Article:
Rev. Max Moddel
(c.1909 - 19 January 1992)

Rev. Moddel (also spelled Modell and Model) (m. Ruth) was born in Posen (then in Germany, now Poznan, Poland), studied at teachers seminary in Cologne and qualified as a shochet. In 1938 he left Nazi Germany to come to Britain. He served as second reader at Chapeltown United Synagogue, Leeds, and acted as shochet in Leeds and Bradford. He then served as minister of Llandudno Hebrew Congregation, North Wales (c.1953-c.1962) and Bristol Hebrew Congregation (1962-1987), in later years in a semi-retired capacity. Rev Moddel retired to the Hannah Levy Home in Bournemouth where he still conducted services. (Jews in Bristol by J. Samuel, 1997, plaque at Bristol Synagogue, Jewish Chronicle obituary and reports and Jewish Year Book listings.)

Rev. B. Moher

Rev. Moher served as minister of Waterford Hebrew Congregation, Ireland (c.1932-c.1938). He is assumed to be Mr B Moher later of Dublin, who was active in the Dublin Chevra Gemorrah and father of Rabbi Maurice Moher. (Jewish Year Book listings.)

Rev. Lyon Mordecai
(1784 - 7 May 1844)

Rev. Mordecai (Judah Leib ben Mordecai) served as the first known "minister" of the Norwich Hebrew Congregation, Norfolk, having been licensed by Rabbi Hirschell in the summer of 1823 to act as shochet. Although he possibly served until his death more than twenty years later, this is by no means certain, as he could possibly be the Rev. Leib of Norwich, who conducted a cheder in Drury Lane, London, in about 1826. He is buried in Norwich's Quaker Lane Cemetery. (The Rise of Provincial Jewry by Cecil Roth.)

Rev. Wolf Morein
(1908 - September 1941)

Born at Gateshead, northeast England, and educated there, Rev. Morein (m. Gertrude Kutchinsky - d.1991) went to Jews' College, London, in 1924, obtaining the Henry Franklin Scholarship at the Entrance Examination. He gained the Hollier Scholarship in Hebrew at University College London and graduated BA with first class honours in Semitics in 1927. He was appointed minister of the Becontree & District Associate Synagogue, east London, (1929-c.1931) and was subsequently elected minister and second reader of the North London Synagogue, Islington (1931-1941). He was President of the Jewish Traders' Mutual Aid Society and was visiting minister to Pentonville Prison and the London Hospital. In 1941 Rev Morein joined the Forces as chaplain but died only three months later following an operation, aged 33. He is buried at Willesden cemetery. Special tributes were paid to him at the High Holy day services for troops in Wiltshire that year which he had organised and intended to lead. (Jewish Chronicle obituary 26 September 1941; Jewish Year Book listings.)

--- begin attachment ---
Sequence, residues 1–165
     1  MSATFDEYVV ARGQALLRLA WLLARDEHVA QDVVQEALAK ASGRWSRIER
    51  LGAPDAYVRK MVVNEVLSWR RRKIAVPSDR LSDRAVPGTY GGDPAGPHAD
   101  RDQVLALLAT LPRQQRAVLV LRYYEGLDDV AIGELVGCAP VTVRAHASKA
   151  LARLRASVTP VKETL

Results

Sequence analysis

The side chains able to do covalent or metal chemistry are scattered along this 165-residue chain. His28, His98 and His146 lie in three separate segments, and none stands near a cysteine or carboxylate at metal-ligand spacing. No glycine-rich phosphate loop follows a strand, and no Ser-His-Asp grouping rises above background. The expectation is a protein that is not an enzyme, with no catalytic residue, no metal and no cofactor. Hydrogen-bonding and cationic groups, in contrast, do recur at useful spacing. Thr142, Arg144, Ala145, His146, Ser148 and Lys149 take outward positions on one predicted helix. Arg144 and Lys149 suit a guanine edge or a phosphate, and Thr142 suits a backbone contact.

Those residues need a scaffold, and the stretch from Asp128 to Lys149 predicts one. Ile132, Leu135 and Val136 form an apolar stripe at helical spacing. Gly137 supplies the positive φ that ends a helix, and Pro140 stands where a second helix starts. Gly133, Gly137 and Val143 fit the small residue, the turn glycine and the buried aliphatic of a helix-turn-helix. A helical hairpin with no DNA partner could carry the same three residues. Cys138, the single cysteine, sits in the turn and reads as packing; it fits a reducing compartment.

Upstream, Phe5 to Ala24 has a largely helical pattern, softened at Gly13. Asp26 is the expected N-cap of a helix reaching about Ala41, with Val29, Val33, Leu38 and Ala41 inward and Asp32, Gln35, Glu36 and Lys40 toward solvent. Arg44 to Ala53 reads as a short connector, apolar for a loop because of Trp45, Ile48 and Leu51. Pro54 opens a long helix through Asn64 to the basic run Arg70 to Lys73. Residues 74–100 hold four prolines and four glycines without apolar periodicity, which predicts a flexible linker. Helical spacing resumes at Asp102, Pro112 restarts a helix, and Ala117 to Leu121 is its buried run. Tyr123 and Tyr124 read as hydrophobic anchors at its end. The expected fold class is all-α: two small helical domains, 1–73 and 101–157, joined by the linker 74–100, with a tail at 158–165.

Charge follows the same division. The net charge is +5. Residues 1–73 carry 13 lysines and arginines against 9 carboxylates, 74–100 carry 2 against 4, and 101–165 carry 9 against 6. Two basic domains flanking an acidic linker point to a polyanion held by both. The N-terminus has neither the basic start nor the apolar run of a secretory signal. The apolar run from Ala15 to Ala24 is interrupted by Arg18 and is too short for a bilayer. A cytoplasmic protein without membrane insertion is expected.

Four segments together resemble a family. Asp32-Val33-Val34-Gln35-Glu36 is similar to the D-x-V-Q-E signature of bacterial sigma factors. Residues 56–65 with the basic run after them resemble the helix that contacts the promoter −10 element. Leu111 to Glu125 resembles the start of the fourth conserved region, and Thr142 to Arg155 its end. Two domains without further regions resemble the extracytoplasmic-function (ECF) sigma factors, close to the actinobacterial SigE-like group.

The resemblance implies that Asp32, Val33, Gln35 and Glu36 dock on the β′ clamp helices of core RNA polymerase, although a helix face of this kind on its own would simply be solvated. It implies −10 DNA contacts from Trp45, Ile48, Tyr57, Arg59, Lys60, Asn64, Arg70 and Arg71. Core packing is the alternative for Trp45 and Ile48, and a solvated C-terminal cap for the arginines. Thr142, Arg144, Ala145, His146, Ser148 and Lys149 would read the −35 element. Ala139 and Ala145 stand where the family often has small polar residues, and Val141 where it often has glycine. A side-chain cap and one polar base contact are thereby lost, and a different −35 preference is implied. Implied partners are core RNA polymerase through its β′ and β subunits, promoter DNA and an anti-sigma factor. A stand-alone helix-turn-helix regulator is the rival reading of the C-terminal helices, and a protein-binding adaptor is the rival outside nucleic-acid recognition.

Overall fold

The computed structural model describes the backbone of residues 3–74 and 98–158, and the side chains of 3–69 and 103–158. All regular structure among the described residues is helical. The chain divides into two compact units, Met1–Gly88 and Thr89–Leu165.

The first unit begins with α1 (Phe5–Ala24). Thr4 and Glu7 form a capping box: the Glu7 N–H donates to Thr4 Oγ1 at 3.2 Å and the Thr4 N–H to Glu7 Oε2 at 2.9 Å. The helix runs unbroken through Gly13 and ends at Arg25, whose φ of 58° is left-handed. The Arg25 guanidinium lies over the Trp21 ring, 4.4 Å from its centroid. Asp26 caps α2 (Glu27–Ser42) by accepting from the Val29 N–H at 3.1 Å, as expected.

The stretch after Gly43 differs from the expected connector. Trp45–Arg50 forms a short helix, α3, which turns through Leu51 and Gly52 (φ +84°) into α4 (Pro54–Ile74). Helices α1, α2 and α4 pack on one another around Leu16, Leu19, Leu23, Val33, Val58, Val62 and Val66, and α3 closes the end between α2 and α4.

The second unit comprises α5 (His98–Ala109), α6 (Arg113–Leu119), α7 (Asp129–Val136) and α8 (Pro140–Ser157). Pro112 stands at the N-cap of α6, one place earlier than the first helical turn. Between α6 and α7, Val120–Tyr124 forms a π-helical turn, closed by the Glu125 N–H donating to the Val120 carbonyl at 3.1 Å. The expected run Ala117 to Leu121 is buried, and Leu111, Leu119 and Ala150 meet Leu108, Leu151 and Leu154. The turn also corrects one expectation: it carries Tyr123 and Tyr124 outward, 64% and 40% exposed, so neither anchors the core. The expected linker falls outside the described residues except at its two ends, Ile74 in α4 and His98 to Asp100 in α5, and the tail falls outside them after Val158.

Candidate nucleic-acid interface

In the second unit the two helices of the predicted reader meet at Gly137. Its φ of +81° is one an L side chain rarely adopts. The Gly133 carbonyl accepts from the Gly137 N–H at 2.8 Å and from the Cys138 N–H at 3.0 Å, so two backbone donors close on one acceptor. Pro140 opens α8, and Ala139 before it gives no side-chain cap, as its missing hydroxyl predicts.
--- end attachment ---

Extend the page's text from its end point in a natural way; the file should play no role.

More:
Rev. Montague Moore

Rev. Moore served as minister of the Pershore Road Synagogue, Birmingham from about 1950 until about 1953. (Jewish Year Book listings.)

Rev. B. Morris

Rev. B. Morris served as minister and reader of Bangor Hebrew Congregation, North Wales (c.1927-c.1928). (Jewish Year Book listings.)

Rabbi Emmanuel Morris
(1914 - c.1996)
Rabbi E. Morris  (m. Lilly Clein of Pontypridd, 1938) studied at the Manchester Yeshiva and his first post was at Pontypridd Synagogue, South Wales. He then served as minister to the Margate Hebrew Congregation, Kent (1946-c.1947) and the Edinburgh Hebrew Congregation and was subsequently inducted as minister at Swansea Hebrew Congregation in 1948. He was then appointed minister and reader of the Mile End and Bow District Synagogue, Harley Grove, East London (1950-1953) followed by the Stoke Newington Synagogue, Shacklewell Lane, London (1953-1976), which he served as minister for over 22 years. His final post was as part-time minister of Walford Road Synagogue, Stoke Newington, London (1976-1986). (Jewish Chronicle reports and photo, 19 May 1950 and Jewish Year Book listings.)

Rev. M. Morris

Rev. M. Morris served as minister of the Greenock Hebrew Congregation, Scotland from about 1914 until possibly the early 1920s. Not to be confused with his contemporary Rev. M. Morris, reader of Brixton Synagogue. (Jewish Year Book listings.)

Rev. Marks Morris
(b. c.1827)

Rev. Marks Morris (possibly more correctly Morrice Marks) (m. Jebbeth), originally from Prussia, was appointed minister at Falmouth Hebrew Congregation, Cornwall, in 1860 serving until about 1864. May also have been the Rev. Marks Morris who served as shochet and second reader to the Manchester's Great Synagogue, in 1874. ("The Lost Jews of Cornwall" edited by Keith Pearce and Helen Fry, pp. 167/8; "The Jewish Directory for 1874" by Asher Myers.)